Danny Chung Does Not Do Maths is a delightful story featuring the eponymous Danny, son of parents who run a Chinese takeaway, his friend Ravi, his doting granny (Nai Nai) and assorted oddball friends and neighbours. Danny loves drawing, hates maths, and is appalled when Nai Nai moves to Birmingham from China and he has to share his bedroom with her. He can't speak her dialect, she snores like a train, farts for England (or rather China) and worst of all, she turns up at his school to bring him Chinese lunch. Oh, and he has to look after her because his mum and dad are busy running their takeaway. When the local bowls club are less than welcoming, he leaves her at the bingo and goes off to play in the park. Then Danny discovers that Nai Nai, unlike her grandson, has maths skills in abundance. She not only becomes the local bingo champion, she takes her grandson in hand and helps him create a great school project based on Fibonacci
fractals in Romanesco cauliflowers. 

A novel about an immigrant family inevitably has a certain amount of cultural information to impart. Dragons, in their Chinese version, feature a lot. As Danny says, ‘I was really pleased with my newest creation that I called a DRUCKON. It was a mutant duck with a dragon’s head. It’s very Chinese, if you ask me. Dragons are the most beloved and lucky creatures in Chinese mythology, and ducks are yummy and succulent. The tricky part was the head. Chinese dragons don’t look like other dragons and they have no wings. Ravi is basically an expert on all things medieval and knights. He says that Chinese dragons are anomalies, which is a nice way of saying they’re ‘weird’. And they don’t go around trying to eat princesses or battle knights. I think that’s nice. A druckon is a Chinese win-win.’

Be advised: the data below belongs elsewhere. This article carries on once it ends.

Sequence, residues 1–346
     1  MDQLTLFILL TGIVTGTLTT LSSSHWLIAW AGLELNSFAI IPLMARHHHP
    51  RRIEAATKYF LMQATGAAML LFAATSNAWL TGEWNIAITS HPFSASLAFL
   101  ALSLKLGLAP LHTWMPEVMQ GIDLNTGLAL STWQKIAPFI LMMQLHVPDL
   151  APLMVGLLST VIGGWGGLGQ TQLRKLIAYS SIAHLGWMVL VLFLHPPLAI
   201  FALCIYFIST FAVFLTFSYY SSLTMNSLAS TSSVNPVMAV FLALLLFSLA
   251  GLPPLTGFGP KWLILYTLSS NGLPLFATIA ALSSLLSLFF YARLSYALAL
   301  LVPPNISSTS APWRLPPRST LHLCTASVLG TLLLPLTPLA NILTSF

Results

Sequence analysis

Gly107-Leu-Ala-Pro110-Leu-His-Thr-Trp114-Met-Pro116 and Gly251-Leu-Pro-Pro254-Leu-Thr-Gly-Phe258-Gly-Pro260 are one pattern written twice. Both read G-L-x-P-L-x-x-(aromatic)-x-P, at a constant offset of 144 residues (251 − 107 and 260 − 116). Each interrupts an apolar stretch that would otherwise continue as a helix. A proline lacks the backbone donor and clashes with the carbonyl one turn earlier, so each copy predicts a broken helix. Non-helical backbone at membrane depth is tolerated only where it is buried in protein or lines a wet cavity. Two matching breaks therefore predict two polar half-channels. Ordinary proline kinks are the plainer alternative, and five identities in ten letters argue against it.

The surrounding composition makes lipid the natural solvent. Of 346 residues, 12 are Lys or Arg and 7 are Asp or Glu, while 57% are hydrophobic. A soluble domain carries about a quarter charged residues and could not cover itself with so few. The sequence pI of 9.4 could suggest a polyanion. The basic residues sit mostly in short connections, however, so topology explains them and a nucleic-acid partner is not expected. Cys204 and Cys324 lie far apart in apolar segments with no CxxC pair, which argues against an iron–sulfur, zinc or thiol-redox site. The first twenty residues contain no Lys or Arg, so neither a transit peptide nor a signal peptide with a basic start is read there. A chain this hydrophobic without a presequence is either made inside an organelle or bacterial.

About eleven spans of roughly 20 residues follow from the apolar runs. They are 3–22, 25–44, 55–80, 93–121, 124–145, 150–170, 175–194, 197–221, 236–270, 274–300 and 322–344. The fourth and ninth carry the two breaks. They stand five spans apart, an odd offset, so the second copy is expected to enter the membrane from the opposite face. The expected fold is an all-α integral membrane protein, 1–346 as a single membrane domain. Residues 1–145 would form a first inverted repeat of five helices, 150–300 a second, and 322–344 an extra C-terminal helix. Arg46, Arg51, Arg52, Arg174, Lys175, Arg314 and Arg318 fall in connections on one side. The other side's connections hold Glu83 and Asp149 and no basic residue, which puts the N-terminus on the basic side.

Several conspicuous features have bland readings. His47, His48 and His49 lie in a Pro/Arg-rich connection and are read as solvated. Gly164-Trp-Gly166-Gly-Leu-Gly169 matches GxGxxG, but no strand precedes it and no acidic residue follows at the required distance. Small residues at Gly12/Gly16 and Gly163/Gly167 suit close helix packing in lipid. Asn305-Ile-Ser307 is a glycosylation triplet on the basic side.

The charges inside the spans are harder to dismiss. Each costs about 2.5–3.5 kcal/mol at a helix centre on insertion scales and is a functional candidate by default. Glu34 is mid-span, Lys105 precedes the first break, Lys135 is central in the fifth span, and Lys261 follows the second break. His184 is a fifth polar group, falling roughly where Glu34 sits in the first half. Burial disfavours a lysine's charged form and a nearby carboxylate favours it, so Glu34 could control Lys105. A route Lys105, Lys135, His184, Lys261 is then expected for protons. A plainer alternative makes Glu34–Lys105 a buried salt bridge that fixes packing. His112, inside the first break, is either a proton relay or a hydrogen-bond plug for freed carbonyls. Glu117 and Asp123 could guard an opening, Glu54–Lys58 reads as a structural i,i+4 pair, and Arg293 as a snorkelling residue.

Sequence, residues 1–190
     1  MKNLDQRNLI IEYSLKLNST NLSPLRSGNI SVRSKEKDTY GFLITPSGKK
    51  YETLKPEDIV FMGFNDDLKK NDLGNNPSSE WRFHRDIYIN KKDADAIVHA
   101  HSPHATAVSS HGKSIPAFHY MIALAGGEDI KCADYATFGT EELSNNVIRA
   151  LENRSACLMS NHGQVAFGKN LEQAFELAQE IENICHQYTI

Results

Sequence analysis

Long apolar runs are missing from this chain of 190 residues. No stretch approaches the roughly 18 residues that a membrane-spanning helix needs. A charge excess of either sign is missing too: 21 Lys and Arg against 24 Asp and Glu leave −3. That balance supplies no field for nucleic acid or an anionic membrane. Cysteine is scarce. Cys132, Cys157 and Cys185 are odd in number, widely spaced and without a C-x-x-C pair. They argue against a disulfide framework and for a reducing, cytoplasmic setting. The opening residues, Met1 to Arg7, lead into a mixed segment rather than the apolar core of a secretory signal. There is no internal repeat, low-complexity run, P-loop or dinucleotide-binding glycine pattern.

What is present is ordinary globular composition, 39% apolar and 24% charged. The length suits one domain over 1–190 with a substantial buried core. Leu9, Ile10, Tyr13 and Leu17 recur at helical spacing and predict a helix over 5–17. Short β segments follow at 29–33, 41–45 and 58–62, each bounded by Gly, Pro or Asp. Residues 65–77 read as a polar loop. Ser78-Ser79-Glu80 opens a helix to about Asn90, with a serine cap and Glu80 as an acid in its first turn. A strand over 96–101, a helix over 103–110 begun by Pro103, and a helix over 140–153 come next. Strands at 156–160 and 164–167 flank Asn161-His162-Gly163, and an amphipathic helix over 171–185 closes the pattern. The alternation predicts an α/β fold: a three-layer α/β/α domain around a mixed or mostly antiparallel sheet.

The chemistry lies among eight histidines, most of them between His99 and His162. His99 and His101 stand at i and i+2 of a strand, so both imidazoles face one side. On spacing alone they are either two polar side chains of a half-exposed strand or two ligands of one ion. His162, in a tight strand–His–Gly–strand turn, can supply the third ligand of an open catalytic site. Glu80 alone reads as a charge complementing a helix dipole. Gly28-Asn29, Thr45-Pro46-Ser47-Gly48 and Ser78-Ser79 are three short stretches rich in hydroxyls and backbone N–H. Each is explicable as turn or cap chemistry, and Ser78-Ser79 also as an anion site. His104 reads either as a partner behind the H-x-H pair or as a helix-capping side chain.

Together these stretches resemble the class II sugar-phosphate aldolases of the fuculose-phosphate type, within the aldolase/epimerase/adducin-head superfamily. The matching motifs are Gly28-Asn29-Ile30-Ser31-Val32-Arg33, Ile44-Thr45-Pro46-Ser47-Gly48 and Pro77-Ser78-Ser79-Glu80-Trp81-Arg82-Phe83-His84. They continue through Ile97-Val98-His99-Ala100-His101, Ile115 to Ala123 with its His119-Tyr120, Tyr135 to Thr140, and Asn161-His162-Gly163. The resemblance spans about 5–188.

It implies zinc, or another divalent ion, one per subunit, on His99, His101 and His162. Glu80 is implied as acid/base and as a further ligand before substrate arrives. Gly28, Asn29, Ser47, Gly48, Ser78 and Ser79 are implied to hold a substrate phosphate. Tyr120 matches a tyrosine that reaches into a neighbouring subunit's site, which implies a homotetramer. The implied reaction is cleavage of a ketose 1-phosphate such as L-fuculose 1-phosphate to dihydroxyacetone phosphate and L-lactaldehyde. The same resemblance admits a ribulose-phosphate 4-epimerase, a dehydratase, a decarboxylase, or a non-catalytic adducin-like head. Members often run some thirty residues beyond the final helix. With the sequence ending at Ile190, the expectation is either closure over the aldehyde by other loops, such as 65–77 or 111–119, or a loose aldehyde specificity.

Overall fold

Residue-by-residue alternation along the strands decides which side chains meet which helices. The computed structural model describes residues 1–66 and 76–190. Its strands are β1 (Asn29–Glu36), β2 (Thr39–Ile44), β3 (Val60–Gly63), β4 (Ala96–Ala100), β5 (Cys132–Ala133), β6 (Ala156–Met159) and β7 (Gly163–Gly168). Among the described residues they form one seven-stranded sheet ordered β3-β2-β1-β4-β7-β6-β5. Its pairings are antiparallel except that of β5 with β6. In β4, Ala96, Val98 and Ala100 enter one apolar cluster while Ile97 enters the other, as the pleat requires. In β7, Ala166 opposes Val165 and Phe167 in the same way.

There is also an odious tiger mother, who drags her daughter Amelia to an unending series of after-school improving activities, as a result of which she is fluent in both Cantonese and Mandarin.  And there is The Chinese Way – Danny’s dad drills its tenets into his son – hard work, respect for his elders, and of course the importance of maths, the bane of Danny’s life. We even learn a bit of the language, when Danny and Nai Nai exchange a few words in Chinese. However, Danny Chung Does Not Do Maths wears its culture lightly. The heart of the novel is the friendship and respect that grows between the boy and his granny, and the adventures they share. 

Chinese immigrant families in the UK are almost invisible in literature, but as I read Danny Chung, Timothy Mo’s Sour Sweet immediately sprang to mind. (It happens to be one of my favourite novels.) In Sour Sweet, Chen, his wife Lily and her sister Mui arrive in London from Hong Kong in the 1960s and go into business. There are two main stories in the novel: we read how Lily and Mui come to terms with their new life – Lily remains resolutely traditional, while Mui embraces British life enthusiastically – while the other thread follows the in-fighting in a Triad gang, the Hung family, who eventually get Chen into their clutches.